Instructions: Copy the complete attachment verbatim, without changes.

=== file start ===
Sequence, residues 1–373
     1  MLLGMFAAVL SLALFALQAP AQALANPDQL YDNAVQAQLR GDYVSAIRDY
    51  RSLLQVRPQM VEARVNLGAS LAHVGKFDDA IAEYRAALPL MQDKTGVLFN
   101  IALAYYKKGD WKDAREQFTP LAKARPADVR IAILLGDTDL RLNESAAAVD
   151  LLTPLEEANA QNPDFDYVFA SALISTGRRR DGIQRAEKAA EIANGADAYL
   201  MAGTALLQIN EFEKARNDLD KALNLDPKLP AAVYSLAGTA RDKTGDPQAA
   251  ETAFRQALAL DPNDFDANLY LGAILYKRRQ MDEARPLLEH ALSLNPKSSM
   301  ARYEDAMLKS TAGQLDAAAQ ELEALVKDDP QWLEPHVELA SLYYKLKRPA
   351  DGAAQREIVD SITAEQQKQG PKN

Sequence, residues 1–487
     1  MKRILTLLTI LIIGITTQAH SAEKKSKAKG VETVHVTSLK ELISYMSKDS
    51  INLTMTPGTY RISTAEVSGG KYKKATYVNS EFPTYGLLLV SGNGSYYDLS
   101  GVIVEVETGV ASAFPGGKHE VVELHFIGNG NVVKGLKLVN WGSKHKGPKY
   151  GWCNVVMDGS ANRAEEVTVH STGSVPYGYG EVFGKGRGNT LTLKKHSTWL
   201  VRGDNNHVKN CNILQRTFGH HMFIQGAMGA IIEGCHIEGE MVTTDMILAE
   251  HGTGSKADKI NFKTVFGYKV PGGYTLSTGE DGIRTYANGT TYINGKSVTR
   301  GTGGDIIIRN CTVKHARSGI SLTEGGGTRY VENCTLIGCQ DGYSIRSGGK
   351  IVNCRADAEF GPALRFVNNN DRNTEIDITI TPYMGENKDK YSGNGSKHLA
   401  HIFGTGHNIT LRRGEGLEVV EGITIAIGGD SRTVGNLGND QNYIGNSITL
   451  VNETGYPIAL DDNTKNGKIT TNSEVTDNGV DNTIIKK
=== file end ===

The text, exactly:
Sequence, residues 1–373
     1  MLLGMFAAVL SLALFALQAP AQALANPDQL YDNAVQAQLR GDYVSAIRDY
    51  RSLLQVRPQM VEARVNLGAS LAHVGKFDDA IAEYRAALPL MQDKTGVLFN
   101  IALAYYKKGD WKDAREQFTP LAKARPADVR IAILLGDTDL RLNESAAAVD
   151  LLTPLEEANA QNPDFDYVFA SALISTGRRR DGIQRAEKAA EIANGADAYL
   201  MAGTALLQIN EFEKARNDLD KALNLDPKLP AAVYSLAGTA RDKTGDPQAA
   251  ETAFRQALAL DPNDFDANLY LGAILYKRRQ MDEARPLLEH ALSLNPKSSM
   301  ARYEDAMLKS TAGQLDAAAQ ELEALVKDDP QWLEPHVELA SLYYKLKRPA
   351  DGAAQREIVD SITAEQQKQG PKN

Sequence, residues 1–487
     1  MKRILTLLTI LIIGITTQAH SAEKKSKAKG VETVHVTSLK ELISYMSKDS
    51  INLTMTPGTY RISTAEVSGG KYKKATYVNS EFPTYGLLLV SGNGSYYDLS
   101  GVIVEVETGV ASAFPGGKHE VVELHFIGNG NVVKGLKLVN WGSKHKGPKY
   151  GWCNVVMDGS ANRAEEVTVH STGSVPYGYG EVFGKGRGNT LTLKKHSTWL
   201  VRGDNNHVKN CNILQRTFGH HMFIQGAMGA IIEGCHIEGE MVTTDMILAE
   251  HGTGSKADKI NFKTVFGYKV PGGYTLSTGE DGIRTYANGT TYINGKSVTR
   301  GTGGDIIIRN CTVKHARSGI SLTEGGGTRY VENCTLIGCQ DGYSIRSGGK
   351  IVNCRADAEF GPALRFVNNN DRNTEIDITI TPYMGENKDK YSGNGSKHLA
   401  HIFGTGHNIT LRRGEGLEVV EGITIAIGGD SRTVGNLGND QNYIGNSITL
   451  VNETGYPIAL DDNTKNGKIT TNSEVTDNGV DNTIIKK